Saturday, 5 December 2009 at 12:18
3 Reasons NOT to do a Web Development Project
OK, now it's just us. These are three reasons (excuses actually) for doing web development projects which I hear a lot. They can all be prefaced with "We're doing this project, even though we're losing money on it because..."
...this is a big name client, a famous name and so it would be good to have them on our client list.
But they're treating you really badly right? You find yourself doing about twice what you would do for any other client just because they're a big, famous name and you want to please them. If you have relationship like this with every big name client that you work with, how long are you going to last?
...this is only a small (money) project but there will be bigger ones from this client in the future.
This might be true. But this means that you have to especially careful to get the balance right between the value that you give to this new client and the money you charge. There's a terrible temptation to bend over backwards to please your new client, in the process losing money and even worse, setting their expectations for your relationship for the future.
If you are being extra nice to them because they're a new client, make this clear that that's what you're doing! Make it clear that you're giving them an introductory rate or a 25% discount or whatever. Use this small project as an opportunity to understand your client - and identify any potential problems. Could you really work with them on a bigger project?
...we need this project just to keep busy and get some money coming in the door.
Ouch, ouch, ouch. And that's just when it's written down. When you actually hear the pain in someone's voice as they tell you, essentially, "We're taking on this money-losing project because we need the money." Oh dear. Hard times. Tough choices. So what can you do, if you really do need the money? Well, one thing is to make the discounting that you're doing explicit. This gives you much better scope for charging your full fee later on any further work. Another, even better option, depending on the sophistication of your client, is to offer a high-quality, reduced scope, full-price solution e.g. "we can't give you the bespoke site you want for that money, but we could skin a wordpress site that gives you 95% of what you want."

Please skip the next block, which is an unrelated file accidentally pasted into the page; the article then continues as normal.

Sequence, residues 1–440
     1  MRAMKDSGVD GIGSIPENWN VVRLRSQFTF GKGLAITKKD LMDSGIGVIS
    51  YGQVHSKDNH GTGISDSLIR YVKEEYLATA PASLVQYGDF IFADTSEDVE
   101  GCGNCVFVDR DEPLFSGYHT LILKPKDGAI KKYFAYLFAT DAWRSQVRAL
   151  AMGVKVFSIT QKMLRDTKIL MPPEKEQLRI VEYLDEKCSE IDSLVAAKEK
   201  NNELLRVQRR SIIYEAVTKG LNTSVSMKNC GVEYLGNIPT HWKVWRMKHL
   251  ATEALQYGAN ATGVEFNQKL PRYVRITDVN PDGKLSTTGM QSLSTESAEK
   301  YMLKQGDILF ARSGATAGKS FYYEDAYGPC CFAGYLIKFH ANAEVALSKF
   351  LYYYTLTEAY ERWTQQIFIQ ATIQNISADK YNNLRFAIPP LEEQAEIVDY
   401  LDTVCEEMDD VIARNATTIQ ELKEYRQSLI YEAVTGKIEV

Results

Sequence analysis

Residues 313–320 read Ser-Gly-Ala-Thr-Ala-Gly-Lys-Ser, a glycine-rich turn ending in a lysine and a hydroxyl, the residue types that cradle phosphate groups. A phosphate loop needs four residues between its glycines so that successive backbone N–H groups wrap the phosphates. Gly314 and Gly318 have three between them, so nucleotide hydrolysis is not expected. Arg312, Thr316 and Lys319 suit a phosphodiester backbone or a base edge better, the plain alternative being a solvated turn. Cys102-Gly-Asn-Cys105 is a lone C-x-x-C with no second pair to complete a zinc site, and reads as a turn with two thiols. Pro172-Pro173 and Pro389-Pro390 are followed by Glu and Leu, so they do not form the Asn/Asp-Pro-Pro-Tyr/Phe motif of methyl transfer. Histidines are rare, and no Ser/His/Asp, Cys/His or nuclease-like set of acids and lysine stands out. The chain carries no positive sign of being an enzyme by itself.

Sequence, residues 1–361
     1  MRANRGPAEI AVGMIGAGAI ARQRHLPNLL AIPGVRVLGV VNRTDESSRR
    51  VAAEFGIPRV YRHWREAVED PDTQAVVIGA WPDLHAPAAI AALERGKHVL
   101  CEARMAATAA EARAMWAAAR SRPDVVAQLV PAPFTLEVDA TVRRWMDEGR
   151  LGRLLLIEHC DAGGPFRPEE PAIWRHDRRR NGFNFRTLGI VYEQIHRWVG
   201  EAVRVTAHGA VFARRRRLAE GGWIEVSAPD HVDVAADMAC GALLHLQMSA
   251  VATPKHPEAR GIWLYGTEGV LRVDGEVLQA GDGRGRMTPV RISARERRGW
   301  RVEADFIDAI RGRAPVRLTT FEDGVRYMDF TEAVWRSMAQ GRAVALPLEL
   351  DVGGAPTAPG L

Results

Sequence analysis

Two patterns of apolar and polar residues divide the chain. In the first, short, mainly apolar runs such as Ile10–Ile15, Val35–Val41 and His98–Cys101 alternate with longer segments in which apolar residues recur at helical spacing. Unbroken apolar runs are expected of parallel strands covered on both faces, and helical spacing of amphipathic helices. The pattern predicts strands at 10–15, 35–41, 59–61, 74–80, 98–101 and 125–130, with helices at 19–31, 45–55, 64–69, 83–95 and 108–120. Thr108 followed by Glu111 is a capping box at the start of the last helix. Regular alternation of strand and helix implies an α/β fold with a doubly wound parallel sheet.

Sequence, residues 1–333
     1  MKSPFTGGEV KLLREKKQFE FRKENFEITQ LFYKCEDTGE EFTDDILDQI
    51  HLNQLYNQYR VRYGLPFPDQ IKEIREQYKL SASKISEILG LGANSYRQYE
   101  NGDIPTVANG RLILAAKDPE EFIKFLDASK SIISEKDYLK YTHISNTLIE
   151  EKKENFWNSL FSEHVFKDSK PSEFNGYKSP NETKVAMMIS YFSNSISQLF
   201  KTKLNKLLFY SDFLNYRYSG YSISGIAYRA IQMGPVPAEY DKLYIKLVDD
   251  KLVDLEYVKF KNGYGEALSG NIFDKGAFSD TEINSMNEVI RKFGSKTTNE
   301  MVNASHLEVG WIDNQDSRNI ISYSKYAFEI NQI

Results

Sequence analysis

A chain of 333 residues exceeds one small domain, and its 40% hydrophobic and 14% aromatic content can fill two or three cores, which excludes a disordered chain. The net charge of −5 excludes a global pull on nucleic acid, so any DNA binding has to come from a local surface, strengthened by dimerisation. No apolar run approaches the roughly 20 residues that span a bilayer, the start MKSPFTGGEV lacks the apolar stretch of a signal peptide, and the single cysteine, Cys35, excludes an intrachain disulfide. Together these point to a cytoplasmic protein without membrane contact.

But finally. This is the hardest alternative. If you don't think you can make money from the work, don't take it on. As the Zen master said, empty your cup so that it may be filled. Use the time to finish any work-in-progress that is lying around and get it finished. Use the time to improve your processes. Use the time to talk as a team about what the recurring problems are with the work you do, and to suggest possible solutions. Advertise to existing clients and potential clients that you can now take on and deliver work at short notice - for a premium!
Oh and of course. Get some training. I can do it at short-notice for a premium ;-)
If you liked this blog post, you might like these: "I'm your software developer and I'm listening", "John Seddon's Re-thinking Lean Service", "The Value of Something"
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